Imagine a life without the constant worrying about money – doesn’t that sound liberating?
Behind closed doors, most of us have simple desires concerning our finances. It’s not about luxury and excess, but the freedom to live without the constant anxiety and stress that money often brings.
Is it too ambitious to yearn for such peace of mind?
Absolutely not. Aspiring to eliminate financial stress is a commendable aim. But a small voice of doubt might whisper,
“Is this really achievable? Can I truly learn how to stop worrying about money?“
Yes, you can.
Before we delve deeper, it’s crucial to ask yourself whether you’re prepared to overrun your approach towards money.
Are you ready to recognize that freedom from financial worry doesn’t necessarily correlate with money problems?
I know millionaires who are always anxious, perpetually worrying about money and individuals with meagre means who live with financial peace.
The dream of being free from financial issues is undoubtedly enticing. But dreams alone won’t quell the reality of the bills waiting for you each morning.
We all live in a world where dreams offer momentary relief, but reality insists on bringing us back to the incessant worries about money, right?
Well, you might want to read my story of financial worries and take heart. Dreams can become true.
Are you ready to dive in?
Worrying About Money Was Ruining My Life
My gut was in a painful knot as I restlessly paced the hotel room. It was October 2009, approximately 3.45 am. Incidentally, it was also three days after my husband told me that we had £100,000 (approx. $160,000) in consumer debt.
Pacing, feeling sick with worry about money, was nothing new to me. Heck, by this watershed night in October 2009, I had been worrying about money for well over twenty years.
When I was young, and doing my Doctoral studies, I worried about paying the rent and surviving till the next payday. (Often, I survived by pawning my typewriter.)
Later I worried about:
- the mortgage;
- my husband leaving his job;
- how much we pay for our holidays;
- our children’s future; and
As if this wasn’t enough my worrying about money spilt over to include my parents, my sister, my niece and…
Well, my worrying about money became universal and abstract. It gave me physical health problems, mental health issues and high blood pressure.
Having learned exactly how much in debt we were, went beyond worry. I was terrified, and my mind drew images of my son living in 19th-century poverty and deprivation.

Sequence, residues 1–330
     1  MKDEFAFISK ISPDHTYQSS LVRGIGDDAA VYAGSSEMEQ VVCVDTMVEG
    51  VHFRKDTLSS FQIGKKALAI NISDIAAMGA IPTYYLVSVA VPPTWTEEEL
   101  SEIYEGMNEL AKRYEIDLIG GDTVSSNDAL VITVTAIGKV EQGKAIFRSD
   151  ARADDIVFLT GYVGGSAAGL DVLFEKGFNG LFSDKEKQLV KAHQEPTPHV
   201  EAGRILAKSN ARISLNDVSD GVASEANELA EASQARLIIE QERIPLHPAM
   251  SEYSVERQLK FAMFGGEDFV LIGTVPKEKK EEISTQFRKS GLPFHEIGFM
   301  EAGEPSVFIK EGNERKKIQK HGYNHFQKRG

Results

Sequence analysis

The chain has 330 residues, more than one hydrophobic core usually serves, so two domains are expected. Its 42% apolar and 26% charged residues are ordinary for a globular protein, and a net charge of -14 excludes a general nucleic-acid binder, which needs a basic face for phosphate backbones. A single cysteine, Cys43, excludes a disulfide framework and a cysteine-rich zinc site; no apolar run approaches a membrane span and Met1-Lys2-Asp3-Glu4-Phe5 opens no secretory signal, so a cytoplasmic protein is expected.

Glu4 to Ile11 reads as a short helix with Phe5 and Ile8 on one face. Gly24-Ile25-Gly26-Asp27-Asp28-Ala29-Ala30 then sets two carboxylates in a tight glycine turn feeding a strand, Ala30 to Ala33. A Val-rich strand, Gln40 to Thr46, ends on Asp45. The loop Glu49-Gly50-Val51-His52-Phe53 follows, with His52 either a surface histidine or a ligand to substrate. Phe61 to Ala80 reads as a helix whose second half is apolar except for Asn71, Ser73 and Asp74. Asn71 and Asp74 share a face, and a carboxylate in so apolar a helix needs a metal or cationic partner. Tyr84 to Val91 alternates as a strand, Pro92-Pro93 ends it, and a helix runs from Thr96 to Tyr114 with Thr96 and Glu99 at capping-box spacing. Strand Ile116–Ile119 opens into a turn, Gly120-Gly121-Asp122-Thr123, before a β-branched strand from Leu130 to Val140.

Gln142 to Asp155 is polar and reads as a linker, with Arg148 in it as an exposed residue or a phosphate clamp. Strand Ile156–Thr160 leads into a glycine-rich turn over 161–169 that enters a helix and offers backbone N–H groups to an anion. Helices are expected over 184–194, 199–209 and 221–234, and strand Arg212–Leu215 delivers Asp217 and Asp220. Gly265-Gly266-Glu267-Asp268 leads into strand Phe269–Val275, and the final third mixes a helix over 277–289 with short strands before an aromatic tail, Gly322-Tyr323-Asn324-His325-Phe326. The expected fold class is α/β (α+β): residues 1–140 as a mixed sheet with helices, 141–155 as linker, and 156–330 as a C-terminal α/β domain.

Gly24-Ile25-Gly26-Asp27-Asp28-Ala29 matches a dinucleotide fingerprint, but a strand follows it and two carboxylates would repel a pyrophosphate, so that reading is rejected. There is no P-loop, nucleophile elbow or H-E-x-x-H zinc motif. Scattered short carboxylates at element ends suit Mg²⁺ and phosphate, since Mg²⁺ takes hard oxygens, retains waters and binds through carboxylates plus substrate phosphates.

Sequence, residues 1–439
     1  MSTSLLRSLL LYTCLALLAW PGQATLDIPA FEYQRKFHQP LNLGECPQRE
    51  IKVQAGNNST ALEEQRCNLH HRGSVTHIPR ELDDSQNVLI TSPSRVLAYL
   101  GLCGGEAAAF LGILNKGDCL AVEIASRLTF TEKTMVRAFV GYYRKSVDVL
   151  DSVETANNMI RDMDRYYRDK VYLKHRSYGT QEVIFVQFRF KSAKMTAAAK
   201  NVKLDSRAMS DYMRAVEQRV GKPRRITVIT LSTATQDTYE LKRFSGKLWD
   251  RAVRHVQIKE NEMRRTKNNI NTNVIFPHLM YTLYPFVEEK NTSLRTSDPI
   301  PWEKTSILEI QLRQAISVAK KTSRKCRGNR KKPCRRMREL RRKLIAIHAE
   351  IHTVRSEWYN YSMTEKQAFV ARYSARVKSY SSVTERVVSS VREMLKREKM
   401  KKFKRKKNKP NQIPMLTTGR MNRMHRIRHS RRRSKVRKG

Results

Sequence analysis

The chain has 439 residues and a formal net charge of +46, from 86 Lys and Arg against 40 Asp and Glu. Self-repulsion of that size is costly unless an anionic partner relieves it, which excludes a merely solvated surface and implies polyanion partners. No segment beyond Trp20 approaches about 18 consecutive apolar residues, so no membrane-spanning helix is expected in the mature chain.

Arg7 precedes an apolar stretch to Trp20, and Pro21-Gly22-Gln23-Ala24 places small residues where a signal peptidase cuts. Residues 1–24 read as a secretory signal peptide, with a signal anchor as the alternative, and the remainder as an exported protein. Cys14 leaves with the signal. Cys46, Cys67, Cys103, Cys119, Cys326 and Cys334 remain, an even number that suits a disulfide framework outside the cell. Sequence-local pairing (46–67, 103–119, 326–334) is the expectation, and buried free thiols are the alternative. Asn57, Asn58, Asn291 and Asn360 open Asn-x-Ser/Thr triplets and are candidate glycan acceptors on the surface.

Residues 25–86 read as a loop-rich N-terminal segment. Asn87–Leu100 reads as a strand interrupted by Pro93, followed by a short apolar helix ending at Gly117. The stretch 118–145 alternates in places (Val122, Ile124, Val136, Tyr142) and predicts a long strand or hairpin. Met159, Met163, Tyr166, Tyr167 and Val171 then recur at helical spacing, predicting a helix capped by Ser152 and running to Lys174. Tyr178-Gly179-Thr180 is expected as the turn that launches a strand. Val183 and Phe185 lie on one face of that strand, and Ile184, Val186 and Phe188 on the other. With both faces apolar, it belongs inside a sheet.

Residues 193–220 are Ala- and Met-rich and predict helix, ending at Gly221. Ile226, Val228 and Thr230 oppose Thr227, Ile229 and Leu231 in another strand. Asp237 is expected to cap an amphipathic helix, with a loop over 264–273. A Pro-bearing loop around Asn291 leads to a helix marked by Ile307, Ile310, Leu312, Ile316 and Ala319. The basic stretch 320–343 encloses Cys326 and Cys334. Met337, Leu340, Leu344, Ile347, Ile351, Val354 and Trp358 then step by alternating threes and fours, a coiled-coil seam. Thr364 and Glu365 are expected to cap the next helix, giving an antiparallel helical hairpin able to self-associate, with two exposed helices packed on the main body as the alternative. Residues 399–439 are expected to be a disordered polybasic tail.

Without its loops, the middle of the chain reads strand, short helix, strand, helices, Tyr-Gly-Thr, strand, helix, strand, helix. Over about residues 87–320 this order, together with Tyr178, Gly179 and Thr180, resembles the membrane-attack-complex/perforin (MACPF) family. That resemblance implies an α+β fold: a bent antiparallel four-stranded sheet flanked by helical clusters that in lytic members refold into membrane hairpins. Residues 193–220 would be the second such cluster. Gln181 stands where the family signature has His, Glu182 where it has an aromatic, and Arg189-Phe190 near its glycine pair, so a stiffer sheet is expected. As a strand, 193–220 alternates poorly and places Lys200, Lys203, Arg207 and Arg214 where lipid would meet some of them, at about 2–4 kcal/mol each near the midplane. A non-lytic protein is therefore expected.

By November 2009, my worrying about money had a severe negative impact on my life. I couldn’t eat, sleep or plan. All I did was blame my husband (not entirely justified) and tear up every time I looked at my young son.
Fast forward to March 2010 and I had stopped worrying about money. Instead, I was determined to change our financial path.
Why Did I Decide to Stop Worrying About Money?
Why did I stop worrying about money having spent most of my life in acute money stress?
It is simple. One morning I woke up and thought that I’d had enough.
I’d had enough of agonising about credit card debt and stressing about earning more money. I certainly had had enough of allowing my, mostly irrational, fears to get so out of control that they were devouring my soul.
In brief, I’d had enough of worrying about money.
Most importantly, I had an epiphany.
Worrying about money, just like most worries in life, is pointless because it doesn’t allow us to move ahead.
Now, you may think that my epiphany was a minute glimpse of reality. For me, this was the cornerstone of figuring out how to stop worrying about money.
Worrying about money is pointless because:
#1. Worry saps your energy
Worrying about money is exhausting. For that matter, worrying about anything at all is exhausting.
Worry, being a negative emotion, saps your energy by depriving your life of meaning and purpose. It transmutes into fears that make you cower from life and try to avoid it at all costs.
Apart from that, worry leads to sleeplessness and, as any parent knows, lack of sleep is exhaustive. Lack of sleep slows down not only your body, it slows down your mind.
#2. Concerns divert your attention from what matters
What matter in life is living. Your life is shaped by your actions and your actions are shaped by your mentality.
When you worry about money or any other aspect of your life, you focus your attention on the fears your imagination served you rather than on the activities that make your life.